Donovan celebrates 50 years in music at Kirby Center
Donovan Leitch racked up plenty of honors over his career that indicate the power of his pop music, which listeners could describe as trippy, catchy, folky, poetic and transcendental all at once.
Among the Scottish- born singer/ songwriter/ guitarist’s credits are spots in the Rock& Roll Hall of Fame and the SongwritersHall of Fame, the MojoMaverickAward, the Ivor NovellaAward and LifeTime BBCFolkAward, not to mention his numerous Top 20 hit songs, including “Sunshine Superman” from the influential psychedelic albumof the same name and the follow- up, “MellowYellow.”
It was also widely reported that Donovan tutored the Beatles during a trip to India, where he taught John Lennon, Paul McCartney and George Harrison a finger- picking guitar style and his own unique chord patterns thatwould go on to live in infamy on numerous tracks on the Fab Four’s “White Album.”
OnSunday, Donovan brings his 50th Anniversary Celebration tour toWilkes- Barre for an intimate showatF. M. Kirby Center for the Performing Arts. He recently spoke withThe Times- Tribune by email about some of the events and inspirations that shaped his storied musical catalog fromthe last five decades.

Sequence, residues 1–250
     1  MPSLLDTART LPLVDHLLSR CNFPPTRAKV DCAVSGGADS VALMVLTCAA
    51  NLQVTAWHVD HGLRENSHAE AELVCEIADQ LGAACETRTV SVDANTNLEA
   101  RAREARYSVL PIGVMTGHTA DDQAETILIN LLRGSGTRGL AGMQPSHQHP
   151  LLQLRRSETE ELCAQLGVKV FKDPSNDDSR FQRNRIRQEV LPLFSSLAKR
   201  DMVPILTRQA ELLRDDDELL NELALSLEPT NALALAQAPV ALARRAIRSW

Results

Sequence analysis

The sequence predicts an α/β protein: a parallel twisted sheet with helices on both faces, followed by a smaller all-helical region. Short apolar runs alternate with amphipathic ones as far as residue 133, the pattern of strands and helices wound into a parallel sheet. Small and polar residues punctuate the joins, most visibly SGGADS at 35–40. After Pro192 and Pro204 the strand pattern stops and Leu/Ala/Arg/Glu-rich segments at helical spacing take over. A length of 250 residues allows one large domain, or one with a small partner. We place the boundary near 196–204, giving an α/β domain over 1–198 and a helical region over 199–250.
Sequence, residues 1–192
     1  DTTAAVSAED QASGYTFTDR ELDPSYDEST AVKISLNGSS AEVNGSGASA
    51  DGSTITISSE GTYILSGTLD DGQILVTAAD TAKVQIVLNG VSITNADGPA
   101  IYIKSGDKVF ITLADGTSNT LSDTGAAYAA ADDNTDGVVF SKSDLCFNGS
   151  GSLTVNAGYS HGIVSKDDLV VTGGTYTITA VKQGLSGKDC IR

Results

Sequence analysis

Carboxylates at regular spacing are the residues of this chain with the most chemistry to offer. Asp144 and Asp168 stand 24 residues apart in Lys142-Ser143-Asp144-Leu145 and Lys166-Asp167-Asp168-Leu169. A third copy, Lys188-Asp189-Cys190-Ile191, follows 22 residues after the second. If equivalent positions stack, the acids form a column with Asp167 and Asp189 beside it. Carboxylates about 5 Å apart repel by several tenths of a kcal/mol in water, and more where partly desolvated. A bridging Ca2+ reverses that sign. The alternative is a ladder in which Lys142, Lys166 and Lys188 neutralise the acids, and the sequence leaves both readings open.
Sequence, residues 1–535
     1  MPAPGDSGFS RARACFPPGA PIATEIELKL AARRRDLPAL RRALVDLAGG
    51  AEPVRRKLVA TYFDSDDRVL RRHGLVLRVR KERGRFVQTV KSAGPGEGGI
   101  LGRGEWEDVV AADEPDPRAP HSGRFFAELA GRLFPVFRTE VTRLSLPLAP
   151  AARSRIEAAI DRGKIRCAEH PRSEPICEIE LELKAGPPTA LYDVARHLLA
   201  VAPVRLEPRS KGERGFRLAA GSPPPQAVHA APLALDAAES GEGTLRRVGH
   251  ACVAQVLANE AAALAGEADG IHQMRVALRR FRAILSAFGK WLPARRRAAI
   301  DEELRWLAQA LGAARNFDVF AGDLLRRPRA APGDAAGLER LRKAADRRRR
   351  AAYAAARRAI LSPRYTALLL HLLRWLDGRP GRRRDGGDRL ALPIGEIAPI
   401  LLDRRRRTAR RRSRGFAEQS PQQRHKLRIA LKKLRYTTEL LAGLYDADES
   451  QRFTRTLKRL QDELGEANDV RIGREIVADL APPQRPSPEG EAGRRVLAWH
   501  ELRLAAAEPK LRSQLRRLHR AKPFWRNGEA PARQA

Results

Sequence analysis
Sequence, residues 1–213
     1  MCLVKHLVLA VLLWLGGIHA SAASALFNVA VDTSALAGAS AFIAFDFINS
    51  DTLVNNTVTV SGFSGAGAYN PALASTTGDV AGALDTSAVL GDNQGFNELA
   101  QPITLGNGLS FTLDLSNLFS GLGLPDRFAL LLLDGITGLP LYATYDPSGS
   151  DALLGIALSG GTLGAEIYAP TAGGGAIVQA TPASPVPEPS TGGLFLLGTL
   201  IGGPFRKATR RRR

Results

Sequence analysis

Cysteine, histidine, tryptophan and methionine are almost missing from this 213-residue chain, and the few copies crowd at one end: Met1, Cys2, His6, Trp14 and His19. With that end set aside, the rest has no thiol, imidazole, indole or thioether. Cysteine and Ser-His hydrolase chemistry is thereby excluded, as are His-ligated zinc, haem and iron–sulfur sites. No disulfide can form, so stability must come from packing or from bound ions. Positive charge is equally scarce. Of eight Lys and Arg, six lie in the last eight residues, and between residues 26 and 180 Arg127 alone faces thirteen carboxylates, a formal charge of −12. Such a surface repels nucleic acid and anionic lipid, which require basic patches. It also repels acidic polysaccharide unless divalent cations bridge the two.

Q: Your tour celebrates 50 years. Tell me about howit feels towatch your music endure through every fad, emerging style or major culture shift of the last half- century. Why do you think it has survived the tests of time and taste?
A: The human journey remains the same fromancient times to now. Mysongs are of the same human journey. The ways to distribute music, art, literature and films have newplatforms, but one thing never changes: the need for live music and the need of artists to create. Age has nothing to do with it, really; my songs are timeless.
Q: Is there a certain moment during a showyou strive for each time? When you knowyou’ve officially connected with your audience?
A: WhenIwalk onstage, it is a reconnection that happens. Not because they knowthe songs, moreso because the solo poet sings to the Inner Consciousness of the audience. Andwith the sounds of my mellifluous voice andmoving vibrations of the guitar, it harmonizes all of us and heals any imbalances, which iswhy I like to go out in concert, because I need this asmuch as my audience. This means the audience and I, we balance each other. It’s symbiotic. Andreally should be — the true effect of art on us all.
Q: Will you share some of your favorite moments, anecdotes or memories from the last 50 years?
A: 1968: Twenty- thousand people in Madison Square Garden, just back fromIndia, dressed inmy Ashram gear. I walk onstage solo, and awave of attention movesme like a strong wind, and I need to immediately sit cross- legged in case I fall over. I singmy softest song I know, “Isle of Islay.” Very rare NewYorker silence, and the audience are in awe. That night, I “broke the gate” at the Garden, earning more than any other solo artist in the Garden’s history ( at